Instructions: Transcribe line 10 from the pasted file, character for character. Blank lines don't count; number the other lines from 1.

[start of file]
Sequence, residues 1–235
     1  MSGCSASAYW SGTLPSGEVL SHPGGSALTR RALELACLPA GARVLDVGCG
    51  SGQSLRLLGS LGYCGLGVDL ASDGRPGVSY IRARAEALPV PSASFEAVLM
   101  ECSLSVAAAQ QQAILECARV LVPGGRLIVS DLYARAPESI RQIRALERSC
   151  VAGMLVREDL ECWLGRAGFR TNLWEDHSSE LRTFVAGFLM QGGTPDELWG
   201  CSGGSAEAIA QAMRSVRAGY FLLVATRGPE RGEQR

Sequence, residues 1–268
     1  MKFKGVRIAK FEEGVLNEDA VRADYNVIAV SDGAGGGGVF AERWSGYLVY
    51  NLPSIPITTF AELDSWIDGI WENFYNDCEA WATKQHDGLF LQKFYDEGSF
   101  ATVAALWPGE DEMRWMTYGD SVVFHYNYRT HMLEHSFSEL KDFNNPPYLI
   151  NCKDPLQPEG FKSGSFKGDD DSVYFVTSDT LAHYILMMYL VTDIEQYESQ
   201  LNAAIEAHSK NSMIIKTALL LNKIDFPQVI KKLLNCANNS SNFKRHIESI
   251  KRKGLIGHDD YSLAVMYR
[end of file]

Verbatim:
   101  ATVAALWPGE DEMRWMTYGD SVVFHYNYRT HMLEHSFSEL KDFNNPPYLI